The transition between tradition and modernity doesn’t happen all at once. Baxter has witnessed many interesting combinations and diverse scenarios. One example is called Halal dating in the United States. Halal means permitted, and describes a way to transfer traditional guidelines into a new context. Middle Eastern singles involved in Halal dating compromise between the Islamic rule of no dating before marriage and a practical way to find a compatible spouse. This kind of pursuit, similar to speed dating, allows for those with similar beliefs and backgrounds to get to know each other in a social environment, without any preconceived expectations about physical relations.

Another example of the transfusion of old and new has come about because of the Internet. Online conversations allow friendships to develop and serve as a way to share feelings and thoughts that wouldn’t fit into a social gathering with many other people. Although also used in the U.S., online dating is especially prevalent in the Middle East because of the limits of face-to-face social interaction.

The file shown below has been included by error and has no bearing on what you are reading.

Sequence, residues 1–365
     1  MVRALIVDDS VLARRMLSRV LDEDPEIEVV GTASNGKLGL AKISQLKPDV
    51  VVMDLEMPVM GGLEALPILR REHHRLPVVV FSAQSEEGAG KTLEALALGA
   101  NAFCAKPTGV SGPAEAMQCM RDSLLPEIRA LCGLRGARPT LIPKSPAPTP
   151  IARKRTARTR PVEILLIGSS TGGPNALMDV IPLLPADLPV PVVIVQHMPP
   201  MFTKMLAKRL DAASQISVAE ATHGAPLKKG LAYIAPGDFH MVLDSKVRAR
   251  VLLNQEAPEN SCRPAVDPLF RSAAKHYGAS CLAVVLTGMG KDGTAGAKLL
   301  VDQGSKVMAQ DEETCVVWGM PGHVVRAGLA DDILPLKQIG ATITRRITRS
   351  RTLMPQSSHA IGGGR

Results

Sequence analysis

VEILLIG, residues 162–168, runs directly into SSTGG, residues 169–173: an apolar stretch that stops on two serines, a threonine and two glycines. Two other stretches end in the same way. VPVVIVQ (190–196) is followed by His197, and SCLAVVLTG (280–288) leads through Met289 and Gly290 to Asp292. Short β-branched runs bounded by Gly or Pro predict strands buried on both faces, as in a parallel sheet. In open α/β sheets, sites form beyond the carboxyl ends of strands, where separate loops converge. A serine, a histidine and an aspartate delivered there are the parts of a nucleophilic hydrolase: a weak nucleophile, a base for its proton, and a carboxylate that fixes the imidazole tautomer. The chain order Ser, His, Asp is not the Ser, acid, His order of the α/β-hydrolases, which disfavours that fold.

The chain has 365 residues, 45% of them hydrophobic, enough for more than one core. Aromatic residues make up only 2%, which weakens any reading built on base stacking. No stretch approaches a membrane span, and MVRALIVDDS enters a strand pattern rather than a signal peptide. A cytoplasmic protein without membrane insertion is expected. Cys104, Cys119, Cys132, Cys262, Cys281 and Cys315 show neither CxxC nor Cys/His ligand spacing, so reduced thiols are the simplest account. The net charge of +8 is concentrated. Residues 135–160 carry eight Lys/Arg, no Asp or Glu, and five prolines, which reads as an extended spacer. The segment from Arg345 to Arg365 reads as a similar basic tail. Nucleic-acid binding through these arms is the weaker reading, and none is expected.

Alrawe says that purpose of dating is, “To get to know the other person better. For me it’s like steps: you meet the person, you go on dates, you get into a relationship, you see that this is really the right person for you, and then you get married. You make a commitment to all people and yourself that you’re committed to that person forever.” Just as in any other nation, the struggle continues for a balance of practical matters and desired happiness, a difference echoed in the relationship of parent versus child. Despite conflict, disagreement, or change, all face a daunting but thrilling task when it comes to relationships. Those in the Middle East are no different. –– Kourtney Hannaway